Seaman said he will ask Gulch on Monday whether he filed a report on Rhoades’ allegations.
“He might have done an investigation and maybe that was part of the gag order,” said Seaman. “Gulch is very disciplined and very competent so I can’t believe he would not have done one. The man has high integrity. If he did a report, I hope it is available. If he did not do one, I want to hear his explanation.”
Goldberg also said there should have been an investigation of Rhoades’ complaints.
“They were very serious allegations,” he said.
Seaman said he would vote to remove the clause on Monday as long as Gulch is at the meeting.
Peach said he also would vote to amend the agreement.
“If Gulch feels it is a roadblock for him to speak candidly, we will be happy to do what we can to remove that roadblock. If Gulch has something to say, we want to hear it. Right now, there’s nothing more than suspicions about what happened to a report. Maybe he can shed more light on the Jeff Brown issue. If a report has disappeared, how could members of council not be concerned about that?”
Council heard on Monday that the city’s insurance premiums decreased this year, though Seaman believes they could go back up if any of the women who complained about Brown in the internal affairs investigation file lawsuits.
Brown’s repeated and illegal use of a Law Enforcement Automated Data System (LEADS) on an ex-girlfriend, in particular, could open the city to a lawsuit, he said.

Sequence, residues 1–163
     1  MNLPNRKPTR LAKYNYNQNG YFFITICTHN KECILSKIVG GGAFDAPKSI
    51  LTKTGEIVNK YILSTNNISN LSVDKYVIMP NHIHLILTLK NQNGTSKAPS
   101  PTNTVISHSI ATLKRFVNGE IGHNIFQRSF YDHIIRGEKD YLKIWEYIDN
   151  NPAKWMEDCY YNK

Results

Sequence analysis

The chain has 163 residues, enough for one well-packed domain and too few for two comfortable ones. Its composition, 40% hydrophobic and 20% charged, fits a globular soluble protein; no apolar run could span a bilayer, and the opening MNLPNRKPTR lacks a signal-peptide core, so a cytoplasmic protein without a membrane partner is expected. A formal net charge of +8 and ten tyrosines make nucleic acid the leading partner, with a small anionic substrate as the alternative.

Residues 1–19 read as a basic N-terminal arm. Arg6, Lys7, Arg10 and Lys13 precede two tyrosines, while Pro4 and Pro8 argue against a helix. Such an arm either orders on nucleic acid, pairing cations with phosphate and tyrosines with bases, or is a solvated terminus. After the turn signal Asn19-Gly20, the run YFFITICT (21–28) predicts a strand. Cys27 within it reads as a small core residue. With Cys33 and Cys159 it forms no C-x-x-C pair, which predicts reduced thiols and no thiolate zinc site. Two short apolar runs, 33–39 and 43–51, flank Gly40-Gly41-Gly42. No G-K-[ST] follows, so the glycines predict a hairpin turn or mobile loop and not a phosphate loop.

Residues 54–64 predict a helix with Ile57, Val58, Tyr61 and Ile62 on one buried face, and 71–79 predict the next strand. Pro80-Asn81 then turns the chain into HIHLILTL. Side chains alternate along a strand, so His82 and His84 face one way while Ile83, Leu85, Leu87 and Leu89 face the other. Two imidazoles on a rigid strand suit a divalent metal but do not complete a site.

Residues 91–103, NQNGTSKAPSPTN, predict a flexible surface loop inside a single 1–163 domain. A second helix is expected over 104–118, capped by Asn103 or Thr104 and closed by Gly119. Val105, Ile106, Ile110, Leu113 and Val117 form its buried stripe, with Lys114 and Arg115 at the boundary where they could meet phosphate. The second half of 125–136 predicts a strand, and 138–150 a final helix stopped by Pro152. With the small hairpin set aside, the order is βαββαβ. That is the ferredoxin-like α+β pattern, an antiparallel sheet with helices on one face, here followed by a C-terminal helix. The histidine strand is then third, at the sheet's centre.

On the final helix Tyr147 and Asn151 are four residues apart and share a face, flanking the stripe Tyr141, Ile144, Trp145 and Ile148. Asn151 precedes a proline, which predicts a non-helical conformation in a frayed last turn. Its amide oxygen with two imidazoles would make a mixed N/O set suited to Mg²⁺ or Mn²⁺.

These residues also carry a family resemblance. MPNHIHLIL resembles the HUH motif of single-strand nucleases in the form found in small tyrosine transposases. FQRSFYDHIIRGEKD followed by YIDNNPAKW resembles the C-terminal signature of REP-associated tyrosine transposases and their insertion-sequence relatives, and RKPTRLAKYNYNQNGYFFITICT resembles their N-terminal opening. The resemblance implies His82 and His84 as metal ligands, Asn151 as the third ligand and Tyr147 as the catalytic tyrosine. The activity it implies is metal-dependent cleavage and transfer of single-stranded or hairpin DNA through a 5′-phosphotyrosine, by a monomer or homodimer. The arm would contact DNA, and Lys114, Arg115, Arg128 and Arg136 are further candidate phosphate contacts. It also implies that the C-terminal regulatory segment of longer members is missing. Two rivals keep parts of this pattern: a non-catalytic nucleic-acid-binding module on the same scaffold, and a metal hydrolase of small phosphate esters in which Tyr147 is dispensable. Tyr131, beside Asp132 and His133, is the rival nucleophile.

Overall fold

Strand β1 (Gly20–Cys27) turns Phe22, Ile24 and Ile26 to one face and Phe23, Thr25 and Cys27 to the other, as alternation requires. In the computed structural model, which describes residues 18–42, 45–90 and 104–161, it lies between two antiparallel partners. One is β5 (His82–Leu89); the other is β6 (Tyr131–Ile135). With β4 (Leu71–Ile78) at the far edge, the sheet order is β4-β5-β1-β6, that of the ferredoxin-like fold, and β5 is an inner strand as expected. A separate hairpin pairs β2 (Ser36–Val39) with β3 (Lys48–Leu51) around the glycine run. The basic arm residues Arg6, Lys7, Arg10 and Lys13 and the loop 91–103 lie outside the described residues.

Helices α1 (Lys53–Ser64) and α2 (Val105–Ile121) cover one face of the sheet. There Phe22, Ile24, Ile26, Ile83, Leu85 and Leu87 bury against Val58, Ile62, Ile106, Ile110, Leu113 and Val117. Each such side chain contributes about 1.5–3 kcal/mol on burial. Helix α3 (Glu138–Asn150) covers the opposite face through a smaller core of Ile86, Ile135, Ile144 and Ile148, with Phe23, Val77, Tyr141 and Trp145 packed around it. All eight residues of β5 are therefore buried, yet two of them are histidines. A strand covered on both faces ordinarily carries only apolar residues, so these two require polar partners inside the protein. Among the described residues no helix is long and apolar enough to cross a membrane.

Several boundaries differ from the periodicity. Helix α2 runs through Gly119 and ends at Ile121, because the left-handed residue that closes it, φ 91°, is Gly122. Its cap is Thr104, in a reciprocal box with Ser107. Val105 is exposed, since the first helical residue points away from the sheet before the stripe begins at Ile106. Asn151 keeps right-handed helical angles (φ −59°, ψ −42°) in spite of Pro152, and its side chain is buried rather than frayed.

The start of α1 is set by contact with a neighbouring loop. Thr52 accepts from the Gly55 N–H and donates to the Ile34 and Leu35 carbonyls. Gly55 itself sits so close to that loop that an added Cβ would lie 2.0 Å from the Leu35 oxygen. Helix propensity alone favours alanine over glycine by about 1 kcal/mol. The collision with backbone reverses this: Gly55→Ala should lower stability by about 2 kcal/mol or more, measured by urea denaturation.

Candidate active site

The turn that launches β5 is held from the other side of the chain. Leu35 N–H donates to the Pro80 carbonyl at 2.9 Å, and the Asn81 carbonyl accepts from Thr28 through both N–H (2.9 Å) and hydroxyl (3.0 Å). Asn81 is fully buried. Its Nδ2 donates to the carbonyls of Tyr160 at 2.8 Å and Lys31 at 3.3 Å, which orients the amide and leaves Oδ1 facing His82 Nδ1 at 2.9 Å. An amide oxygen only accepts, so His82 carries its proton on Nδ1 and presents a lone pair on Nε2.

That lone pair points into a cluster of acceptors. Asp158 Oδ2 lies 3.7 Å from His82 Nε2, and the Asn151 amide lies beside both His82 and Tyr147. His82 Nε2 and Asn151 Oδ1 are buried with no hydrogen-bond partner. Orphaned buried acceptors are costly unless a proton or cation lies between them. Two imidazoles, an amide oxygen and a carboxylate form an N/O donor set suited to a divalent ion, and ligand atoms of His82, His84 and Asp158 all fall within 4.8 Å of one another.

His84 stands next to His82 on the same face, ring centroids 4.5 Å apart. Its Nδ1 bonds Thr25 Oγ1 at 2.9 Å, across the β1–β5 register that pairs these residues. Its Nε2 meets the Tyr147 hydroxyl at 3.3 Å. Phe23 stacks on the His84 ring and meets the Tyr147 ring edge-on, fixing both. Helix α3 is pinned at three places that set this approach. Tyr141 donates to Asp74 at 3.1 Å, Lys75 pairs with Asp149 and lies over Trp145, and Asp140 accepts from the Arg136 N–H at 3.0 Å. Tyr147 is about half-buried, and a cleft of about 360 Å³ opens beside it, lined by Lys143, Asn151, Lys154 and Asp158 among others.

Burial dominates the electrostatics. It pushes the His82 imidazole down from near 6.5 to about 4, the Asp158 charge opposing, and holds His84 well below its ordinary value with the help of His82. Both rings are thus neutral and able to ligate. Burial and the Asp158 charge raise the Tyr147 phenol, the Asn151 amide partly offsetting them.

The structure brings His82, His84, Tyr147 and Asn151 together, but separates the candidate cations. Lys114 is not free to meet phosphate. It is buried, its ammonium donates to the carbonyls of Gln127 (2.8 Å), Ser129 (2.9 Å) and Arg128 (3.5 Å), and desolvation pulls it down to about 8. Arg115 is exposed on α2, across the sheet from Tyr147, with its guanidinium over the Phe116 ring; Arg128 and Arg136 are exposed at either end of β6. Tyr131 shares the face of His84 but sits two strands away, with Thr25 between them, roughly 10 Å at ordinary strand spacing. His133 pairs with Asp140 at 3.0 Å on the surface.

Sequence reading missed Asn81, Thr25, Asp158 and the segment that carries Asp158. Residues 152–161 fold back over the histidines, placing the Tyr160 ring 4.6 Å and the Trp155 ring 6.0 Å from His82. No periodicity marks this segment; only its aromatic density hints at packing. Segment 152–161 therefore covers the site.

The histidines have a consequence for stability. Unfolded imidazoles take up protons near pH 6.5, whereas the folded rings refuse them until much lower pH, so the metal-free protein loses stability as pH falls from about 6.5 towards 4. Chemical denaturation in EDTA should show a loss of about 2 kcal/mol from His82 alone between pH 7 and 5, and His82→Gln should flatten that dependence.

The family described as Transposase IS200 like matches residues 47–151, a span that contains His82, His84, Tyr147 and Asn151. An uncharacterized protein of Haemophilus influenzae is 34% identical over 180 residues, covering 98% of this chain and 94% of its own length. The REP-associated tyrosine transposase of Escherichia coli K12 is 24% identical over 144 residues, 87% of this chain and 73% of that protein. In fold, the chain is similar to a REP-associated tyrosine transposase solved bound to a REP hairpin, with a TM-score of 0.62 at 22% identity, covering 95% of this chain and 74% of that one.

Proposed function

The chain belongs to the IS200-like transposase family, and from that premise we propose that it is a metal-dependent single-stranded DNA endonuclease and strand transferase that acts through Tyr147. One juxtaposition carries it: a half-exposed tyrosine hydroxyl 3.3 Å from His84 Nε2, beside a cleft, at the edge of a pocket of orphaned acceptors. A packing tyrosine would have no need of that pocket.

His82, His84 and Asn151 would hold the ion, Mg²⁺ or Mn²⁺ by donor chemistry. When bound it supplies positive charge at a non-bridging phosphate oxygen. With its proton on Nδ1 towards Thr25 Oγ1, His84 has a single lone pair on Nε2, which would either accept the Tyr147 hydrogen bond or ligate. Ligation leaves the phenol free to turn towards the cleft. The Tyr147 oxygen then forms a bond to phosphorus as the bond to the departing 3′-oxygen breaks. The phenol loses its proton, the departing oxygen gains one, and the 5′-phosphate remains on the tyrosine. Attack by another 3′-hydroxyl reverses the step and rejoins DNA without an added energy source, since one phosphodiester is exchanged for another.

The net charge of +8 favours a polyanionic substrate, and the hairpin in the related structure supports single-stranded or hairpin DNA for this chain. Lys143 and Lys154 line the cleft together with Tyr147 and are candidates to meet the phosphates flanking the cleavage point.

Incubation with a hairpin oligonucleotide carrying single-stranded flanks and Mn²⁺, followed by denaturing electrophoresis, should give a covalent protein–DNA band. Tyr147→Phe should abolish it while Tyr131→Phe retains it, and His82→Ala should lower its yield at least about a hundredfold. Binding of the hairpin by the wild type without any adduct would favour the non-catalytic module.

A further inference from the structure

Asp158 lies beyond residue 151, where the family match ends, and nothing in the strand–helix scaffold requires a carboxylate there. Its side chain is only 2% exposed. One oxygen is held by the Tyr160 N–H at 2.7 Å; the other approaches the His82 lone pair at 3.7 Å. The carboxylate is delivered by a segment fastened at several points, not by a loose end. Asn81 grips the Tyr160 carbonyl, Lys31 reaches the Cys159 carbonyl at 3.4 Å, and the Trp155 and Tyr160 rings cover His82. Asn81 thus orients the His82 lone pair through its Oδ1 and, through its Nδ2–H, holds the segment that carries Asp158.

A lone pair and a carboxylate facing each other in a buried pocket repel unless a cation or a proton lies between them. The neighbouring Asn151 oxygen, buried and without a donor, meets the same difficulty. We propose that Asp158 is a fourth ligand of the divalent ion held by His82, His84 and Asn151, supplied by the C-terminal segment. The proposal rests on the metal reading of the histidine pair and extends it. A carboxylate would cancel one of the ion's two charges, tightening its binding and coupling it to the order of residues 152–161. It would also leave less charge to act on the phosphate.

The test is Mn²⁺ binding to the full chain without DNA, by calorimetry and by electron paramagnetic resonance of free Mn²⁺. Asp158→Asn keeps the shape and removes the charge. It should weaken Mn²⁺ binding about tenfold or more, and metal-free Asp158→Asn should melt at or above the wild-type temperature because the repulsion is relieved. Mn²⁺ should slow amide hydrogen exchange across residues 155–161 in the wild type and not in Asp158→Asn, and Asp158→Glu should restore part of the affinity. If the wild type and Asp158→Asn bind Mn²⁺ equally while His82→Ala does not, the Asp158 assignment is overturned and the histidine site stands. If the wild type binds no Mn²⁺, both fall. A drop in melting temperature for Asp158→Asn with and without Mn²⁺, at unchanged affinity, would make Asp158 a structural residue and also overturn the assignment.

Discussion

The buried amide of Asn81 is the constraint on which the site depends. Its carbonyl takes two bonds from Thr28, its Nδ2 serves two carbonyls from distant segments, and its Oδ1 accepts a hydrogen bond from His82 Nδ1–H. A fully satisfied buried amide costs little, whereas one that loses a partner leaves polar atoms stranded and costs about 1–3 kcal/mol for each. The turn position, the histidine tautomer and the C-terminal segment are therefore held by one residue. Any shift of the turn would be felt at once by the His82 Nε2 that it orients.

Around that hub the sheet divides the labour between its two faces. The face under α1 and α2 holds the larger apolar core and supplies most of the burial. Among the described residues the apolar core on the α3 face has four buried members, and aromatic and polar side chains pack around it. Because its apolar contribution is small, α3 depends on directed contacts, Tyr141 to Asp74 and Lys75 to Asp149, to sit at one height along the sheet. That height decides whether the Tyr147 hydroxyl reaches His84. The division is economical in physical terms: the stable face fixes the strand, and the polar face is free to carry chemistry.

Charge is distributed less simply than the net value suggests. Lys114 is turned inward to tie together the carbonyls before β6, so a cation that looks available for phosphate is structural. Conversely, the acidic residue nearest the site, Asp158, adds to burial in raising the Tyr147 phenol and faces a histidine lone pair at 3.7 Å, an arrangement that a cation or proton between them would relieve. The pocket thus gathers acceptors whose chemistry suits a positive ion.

“Our professional liability insurance is down now to $154,000 per year. We paid a much higher premium, $235,000, a couple of years after the [Candace] Elliot incident,” he said.
Elliot, a former police officer who was terminated during her probationary period with the police department in 2003, sued the city for alleged discrimination and received a $183,000 settlement, though the city never admitted wrongdoing.
Elliot claimed in her lawsuit that she was dismissed, in part, because she had rejected the sexual advances of Officer Brown, one of her training officers.
Seaman said he had expressed his concern to Mayor Brown, when she was a member of council, about her son being hired by the police department.
“I don’t like nepotism and it is never a good position to be in,” said Seaman. “I think Jeff took advantage that his mother is the mayor.”
Councilman Mike Seferian said he’s ready to hear what Gulch has to say.
“Let people speak their mind. The simplest thing is to rescind those paragraphs in the ordinance, and let this council vote on it. I’ll vote to rescind it. I don’t want people to feel their hands are tied, like they have restrictions on them. It’s a free county. It’s what this country was built on.”
Council President Mike Sheehy said he is not concerned whether Gulch investigated earlier complaints of Brown.
“Magdich did a thorough investigation, and that investigation was complete,” he said. “I am not, and have not, been concerned about it. I feel it’s time to move on.”
He is unsure how he’ll vote Monday.
“I am in favor of full disclosure and getting to the truth of the matter. It will be interesting to see what he has to say,” he said.